Tuesday, December 9, 2014

The Staffer To Fire Right Now

Over 80% of employees surveyed in several recent studies indicated their job satisfaction is most
Employee With Negative Attitude
affected by the mood, attitude and cooperation of their coworkers. Almost 100% of who reported they disliked their work reported their primary aversion is to one specific coworker who is unpleasant.

In any operation, most of the staff will look for ways to work together and achieve together. Unfortunately, there is often one, sometimes a few, employee(s) who prefer to stir things up, gossip, create controversy, and generally be an obstacle to peace and productivity. And even more unfortunate, many bosses feel sorry for these Negative Nancys, and keep them on because "no one else would ever hire them." What gives?

"I can't fire her. She knows too much, and no one can replace her." Or, and this one really drives me crazy, "If he knows he's being fired, who will train his replacement?" Seriously? Whose poor management plan was that who gave this person such an enormous amount of power that they can now hold the whole company hostage? Who does their job when your problem employee goes on vacation?

This is an overwhelming problem to a workforce. When an organization has a personnel problem, there are two consistent places the root of it can be found: either the management staff does not model a team attitude and a terrific work ethic, or someone with a bad attitude or work ethic is being tolerated. In either case, the problem infects everyone else. It is very difficult to hold yourself to a high standard of performance if your boss or your coworkers put no value on doing the same. It could be chronic lateness, foul language, sexist or racist behavior, ugly gossip, drinking on the job, or even theft or falsifying records. Like any problem, these things start small, but as they are tolerated they grow rapidly.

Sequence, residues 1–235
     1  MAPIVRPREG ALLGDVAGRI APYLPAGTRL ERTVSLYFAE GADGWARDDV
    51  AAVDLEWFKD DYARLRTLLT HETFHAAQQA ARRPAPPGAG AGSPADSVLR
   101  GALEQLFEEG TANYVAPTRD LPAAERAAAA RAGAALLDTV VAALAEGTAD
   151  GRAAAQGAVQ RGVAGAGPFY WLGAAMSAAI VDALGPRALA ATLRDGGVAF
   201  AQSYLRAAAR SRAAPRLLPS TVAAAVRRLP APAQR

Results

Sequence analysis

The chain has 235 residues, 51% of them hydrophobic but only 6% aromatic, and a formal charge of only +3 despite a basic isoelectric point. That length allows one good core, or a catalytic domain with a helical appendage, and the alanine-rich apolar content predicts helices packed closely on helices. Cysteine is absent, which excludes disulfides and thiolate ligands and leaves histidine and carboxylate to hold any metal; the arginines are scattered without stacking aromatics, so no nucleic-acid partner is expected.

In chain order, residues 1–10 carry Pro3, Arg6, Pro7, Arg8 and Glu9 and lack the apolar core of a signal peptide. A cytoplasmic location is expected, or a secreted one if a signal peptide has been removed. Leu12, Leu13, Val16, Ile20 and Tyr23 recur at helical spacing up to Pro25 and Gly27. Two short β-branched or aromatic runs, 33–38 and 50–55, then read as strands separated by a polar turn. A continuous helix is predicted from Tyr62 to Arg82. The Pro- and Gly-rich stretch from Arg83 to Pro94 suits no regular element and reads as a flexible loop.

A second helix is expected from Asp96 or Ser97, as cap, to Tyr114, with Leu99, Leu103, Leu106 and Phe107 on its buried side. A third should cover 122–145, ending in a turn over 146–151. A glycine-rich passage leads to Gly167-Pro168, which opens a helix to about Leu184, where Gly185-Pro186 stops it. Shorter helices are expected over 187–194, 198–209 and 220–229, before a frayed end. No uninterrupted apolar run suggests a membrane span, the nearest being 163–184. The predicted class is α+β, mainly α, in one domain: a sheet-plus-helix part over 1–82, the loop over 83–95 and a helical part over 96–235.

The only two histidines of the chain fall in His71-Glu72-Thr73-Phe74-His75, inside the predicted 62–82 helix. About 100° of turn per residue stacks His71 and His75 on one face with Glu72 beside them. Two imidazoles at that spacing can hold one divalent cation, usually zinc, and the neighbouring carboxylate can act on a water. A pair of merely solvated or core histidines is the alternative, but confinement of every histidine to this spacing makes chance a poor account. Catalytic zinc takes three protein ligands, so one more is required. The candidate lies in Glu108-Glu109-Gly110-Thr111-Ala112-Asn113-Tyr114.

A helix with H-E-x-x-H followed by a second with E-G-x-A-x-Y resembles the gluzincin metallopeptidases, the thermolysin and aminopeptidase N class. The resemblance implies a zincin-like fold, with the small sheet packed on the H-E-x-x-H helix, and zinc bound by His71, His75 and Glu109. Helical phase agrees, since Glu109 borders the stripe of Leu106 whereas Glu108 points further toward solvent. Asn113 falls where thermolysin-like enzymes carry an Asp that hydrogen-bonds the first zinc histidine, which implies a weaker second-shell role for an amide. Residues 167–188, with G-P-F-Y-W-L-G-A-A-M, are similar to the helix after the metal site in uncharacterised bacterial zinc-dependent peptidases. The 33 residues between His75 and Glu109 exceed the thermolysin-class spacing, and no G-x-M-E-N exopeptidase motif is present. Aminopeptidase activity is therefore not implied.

Do your staff a favor. Remove the obstacle staffer, and clean up the example set for your employees. You have warned, discussed, reprimanded, and threatened your problem employee for the last time. They are not irreplaceable, and keeping them may cost you the best parts of the rest of your staff!

The absolute worst choice in this situation is to do nothing. Things will only get worse - they always do, every single time. The first runner-up bad choice is to fire the bad apple without a plan, and end up bringing them back on staff. Make a plan, accept that there are going to be some inconveniences and skinned knees, and show that troublemaker the road. Your organization will begin improving immediately!

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